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A large, homemade sign stood outside Andy Warzynak’s Harborcreek Township house for more than a year.

The sign called out a local contractor whom Warzynak claimed owes him about $15,000 for an unfinished project.

“I paid him about $28,000 to add a bedroom, a bathroom and a living room to my house,” Warzynak says. “I figure he did about $13,000 worth of work before he disappeared.”

It’s a homeowner’s worst nightmare. You pay someone thousands of dollars—maybe tens of thousands—to fix your home, and the work isn’t done right.

Or perhaps not done at all.

“Everybody’s biggest concern is being ripped off,” says Melissa Etshied, a spokeswoman with the Pennsylvania Builders Association. “We have all heard about people who have given down payments and the guy never comes back to do the job.”

There are steps you can take to improve the likelihood your addition or renovation is done, and done well.

The first step, once you have decided to go ahead with a home-improvement project, is to visit the Pennsylvania Attorney General’s website,

Pennsylvania’s Home Improvement Consumer Protection Act took effect in July 2009. The state law requires contractors to register with the Attorney General’s Office, carry a minimum amount of insurance, and provide their registration number on advertisements and contracts.

“You can visit the website and learn what your rights are as a homeowner,” says Nils Frederiksen, deputy press secretary for the Attorney General’s Office. “You can also check the list of registered contractors. If the one you’re dealing with is not on the list, our advice is to walk away.”

Once you have checked at least three contractors through the Attorney General’s Office, get estimates from each of them.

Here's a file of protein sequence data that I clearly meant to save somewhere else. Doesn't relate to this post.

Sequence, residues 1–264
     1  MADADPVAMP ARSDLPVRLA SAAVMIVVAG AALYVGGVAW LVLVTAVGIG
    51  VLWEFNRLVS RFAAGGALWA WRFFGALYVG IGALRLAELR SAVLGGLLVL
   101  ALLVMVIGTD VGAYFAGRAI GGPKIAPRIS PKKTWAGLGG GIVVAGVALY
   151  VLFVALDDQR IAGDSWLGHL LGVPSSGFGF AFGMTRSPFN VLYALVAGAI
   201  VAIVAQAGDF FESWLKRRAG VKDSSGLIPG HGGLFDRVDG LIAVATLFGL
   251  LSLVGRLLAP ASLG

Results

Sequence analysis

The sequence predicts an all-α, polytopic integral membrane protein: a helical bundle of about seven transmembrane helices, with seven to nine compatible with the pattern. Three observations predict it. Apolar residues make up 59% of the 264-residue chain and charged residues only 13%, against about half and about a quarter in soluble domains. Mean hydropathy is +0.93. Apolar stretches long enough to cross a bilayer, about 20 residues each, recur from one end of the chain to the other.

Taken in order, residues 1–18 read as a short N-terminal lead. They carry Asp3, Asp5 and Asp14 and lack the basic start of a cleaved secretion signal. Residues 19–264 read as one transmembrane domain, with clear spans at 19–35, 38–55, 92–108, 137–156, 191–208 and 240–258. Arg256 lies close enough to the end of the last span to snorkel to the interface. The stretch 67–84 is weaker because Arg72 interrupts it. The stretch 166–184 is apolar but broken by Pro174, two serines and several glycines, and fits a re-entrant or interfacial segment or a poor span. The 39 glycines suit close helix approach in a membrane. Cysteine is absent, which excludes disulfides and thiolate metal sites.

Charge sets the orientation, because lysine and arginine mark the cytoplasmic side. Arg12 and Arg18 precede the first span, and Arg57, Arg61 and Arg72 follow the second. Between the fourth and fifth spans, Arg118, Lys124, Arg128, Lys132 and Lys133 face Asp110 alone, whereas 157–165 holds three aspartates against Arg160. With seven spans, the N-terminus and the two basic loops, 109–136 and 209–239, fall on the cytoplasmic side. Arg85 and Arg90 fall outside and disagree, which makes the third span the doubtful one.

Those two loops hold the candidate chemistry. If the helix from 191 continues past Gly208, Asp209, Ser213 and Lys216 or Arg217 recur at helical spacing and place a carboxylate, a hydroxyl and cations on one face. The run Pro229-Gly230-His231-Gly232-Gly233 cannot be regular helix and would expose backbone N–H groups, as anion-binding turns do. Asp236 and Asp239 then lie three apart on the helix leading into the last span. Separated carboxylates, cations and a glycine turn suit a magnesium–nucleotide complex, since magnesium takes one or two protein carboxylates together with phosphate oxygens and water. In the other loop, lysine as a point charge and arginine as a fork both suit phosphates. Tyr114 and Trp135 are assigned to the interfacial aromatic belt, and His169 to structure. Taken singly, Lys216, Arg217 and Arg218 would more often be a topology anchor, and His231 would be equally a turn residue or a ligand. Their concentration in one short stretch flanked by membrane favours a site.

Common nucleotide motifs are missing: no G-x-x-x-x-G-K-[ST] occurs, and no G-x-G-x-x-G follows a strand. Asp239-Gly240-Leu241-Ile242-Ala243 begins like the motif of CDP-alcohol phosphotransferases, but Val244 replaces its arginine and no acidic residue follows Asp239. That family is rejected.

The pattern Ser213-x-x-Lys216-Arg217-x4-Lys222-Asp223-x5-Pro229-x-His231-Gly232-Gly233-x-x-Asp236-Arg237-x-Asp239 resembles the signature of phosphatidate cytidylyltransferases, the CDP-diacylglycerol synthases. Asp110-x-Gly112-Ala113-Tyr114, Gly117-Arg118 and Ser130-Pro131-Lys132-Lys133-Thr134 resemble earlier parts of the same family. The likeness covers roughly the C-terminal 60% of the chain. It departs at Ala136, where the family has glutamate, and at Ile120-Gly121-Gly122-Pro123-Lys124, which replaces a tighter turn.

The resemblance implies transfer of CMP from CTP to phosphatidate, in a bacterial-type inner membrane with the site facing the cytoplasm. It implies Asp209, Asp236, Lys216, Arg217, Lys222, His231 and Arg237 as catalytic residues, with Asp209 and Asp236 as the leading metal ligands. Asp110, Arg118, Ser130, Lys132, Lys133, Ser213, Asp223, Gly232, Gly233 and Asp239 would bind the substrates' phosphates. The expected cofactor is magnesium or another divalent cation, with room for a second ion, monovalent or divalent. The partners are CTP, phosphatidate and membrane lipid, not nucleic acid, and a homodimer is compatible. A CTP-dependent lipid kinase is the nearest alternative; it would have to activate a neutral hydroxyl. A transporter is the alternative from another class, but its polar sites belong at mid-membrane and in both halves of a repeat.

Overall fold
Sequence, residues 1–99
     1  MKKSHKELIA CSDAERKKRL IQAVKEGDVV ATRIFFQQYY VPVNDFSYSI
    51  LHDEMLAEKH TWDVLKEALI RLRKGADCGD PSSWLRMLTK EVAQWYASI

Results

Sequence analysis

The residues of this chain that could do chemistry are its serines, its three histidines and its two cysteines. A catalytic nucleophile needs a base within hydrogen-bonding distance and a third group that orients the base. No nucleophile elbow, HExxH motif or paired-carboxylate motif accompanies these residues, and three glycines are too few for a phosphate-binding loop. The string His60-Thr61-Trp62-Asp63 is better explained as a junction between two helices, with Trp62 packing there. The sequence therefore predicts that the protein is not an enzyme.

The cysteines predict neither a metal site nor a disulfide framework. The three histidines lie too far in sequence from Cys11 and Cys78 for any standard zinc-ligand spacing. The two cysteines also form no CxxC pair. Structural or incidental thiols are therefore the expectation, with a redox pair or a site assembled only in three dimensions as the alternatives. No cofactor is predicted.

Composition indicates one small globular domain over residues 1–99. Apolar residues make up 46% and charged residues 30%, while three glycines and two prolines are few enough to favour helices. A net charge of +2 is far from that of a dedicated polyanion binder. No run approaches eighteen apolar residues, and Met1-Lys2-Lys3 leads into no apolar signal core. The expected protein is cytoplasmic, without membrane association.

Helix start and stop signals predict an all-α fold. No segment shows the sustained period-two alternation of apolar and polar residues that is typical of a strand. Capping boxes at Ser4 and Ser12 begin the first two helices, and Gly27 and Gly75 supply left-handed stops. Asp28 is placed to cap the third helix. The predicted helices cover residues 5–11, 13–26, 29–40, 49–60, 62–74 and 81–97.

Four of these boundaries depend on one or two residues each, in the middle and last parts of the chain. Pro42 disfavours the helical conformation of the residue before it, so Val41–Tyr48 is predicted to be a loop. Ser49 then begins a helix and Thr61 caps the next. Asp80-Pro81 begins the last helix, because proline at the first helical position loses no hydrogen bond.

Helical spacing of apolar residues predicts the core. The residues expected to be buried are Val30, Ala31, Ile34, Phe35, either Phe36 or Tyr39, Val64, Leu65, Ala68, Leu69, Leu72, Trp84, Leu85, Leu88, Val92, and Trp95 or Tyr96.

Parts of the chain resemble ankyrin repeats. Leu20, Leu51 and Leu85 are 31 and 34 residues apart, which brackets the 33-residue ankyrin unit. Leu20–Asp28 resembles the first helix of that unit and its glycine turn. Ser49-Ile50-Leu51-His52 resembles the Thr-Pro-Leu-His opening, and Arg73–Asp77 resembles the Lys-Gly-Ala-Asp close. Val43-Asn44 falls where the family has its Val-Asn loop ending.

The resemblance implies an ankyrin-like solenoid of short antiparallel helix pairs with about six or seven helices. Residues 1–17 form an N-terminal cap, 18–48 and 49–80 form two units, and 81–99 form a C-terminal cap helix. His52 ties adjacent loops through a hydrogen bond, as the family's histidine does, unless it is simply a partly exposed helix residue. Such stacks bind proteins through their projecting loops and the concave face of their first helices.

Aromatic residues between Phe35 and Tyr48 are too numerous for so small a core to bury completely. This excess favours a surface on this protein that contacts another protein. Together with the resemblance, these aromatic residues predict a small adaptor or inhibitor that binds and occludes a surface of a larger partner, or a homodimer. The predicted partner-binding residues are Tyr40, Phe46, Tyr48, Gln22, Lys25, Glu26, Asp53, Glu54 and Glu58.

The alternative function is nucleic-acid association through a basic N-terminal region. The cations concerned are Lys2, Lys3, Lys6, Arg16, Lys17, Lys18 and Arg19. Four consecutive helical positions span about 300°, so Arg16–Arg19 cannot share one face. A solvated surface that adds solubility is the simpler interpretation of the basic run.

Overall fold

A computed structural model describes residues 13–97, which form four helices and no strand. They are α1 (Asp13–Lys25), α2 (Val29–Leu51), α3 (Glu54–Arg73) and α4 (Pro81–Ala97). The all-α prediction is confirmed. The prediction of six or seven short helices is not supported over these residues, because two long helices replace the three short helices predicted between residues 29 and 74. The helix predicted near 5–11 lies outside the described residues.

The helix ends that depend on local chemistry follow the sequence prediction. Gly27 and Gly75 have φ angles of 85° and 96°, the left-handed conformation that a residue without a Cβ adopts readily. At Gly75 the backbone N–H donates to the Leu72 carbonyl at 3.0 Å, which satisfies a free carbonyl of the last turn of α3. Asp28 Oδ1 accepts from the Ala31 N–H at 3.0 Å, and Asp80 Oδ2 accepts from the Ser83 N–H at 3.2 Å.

The lowest bid might not be the best one, Etshied said. It could be low because the contractor uses substandard materials or doesn’t actually do the work.

“We also have heard of contractors charging for an estimate, or stating in fine print that they will charge you if you choose a different builder,” Etshied said. “That is illegal.”

Once you have the estimates, ask each contractor for references.

Then call those references.

“It can be awkward to make those calls, but it’s worth the time and effort,” Frederiksen says.

“Ask if there were problems with their project. If you’re doing a bigger project, ask for older references to see how the addition or deck has withstood the test of time.”

Warzynak says he wishes he would have checked references before hiring his contractor.

He has since discovered the guy has a long list of unhappy customers.

“I went to the Erie County Courthouse and found out there are at least 15 judgments against him,” Warzynak says.

Efforts to contact the contractor were not successful. The phone number he lists with the Attorney General’s Office is not a working number.

Two years after hiring the contractor, Warzynak is trying to finish his addition on his own.

“All he did was dig the foundation and laid block for the basement,” Warzynak says. “I did the insulation mostly by myself doing the rest a little at a time. The project was supposed to be finished in 2009, but I won’t be done until next year.”

The sign Warzynak made warning people about his contractor is expected to be back up this week.

“I’m updating the amount he owes,” Warzynak says.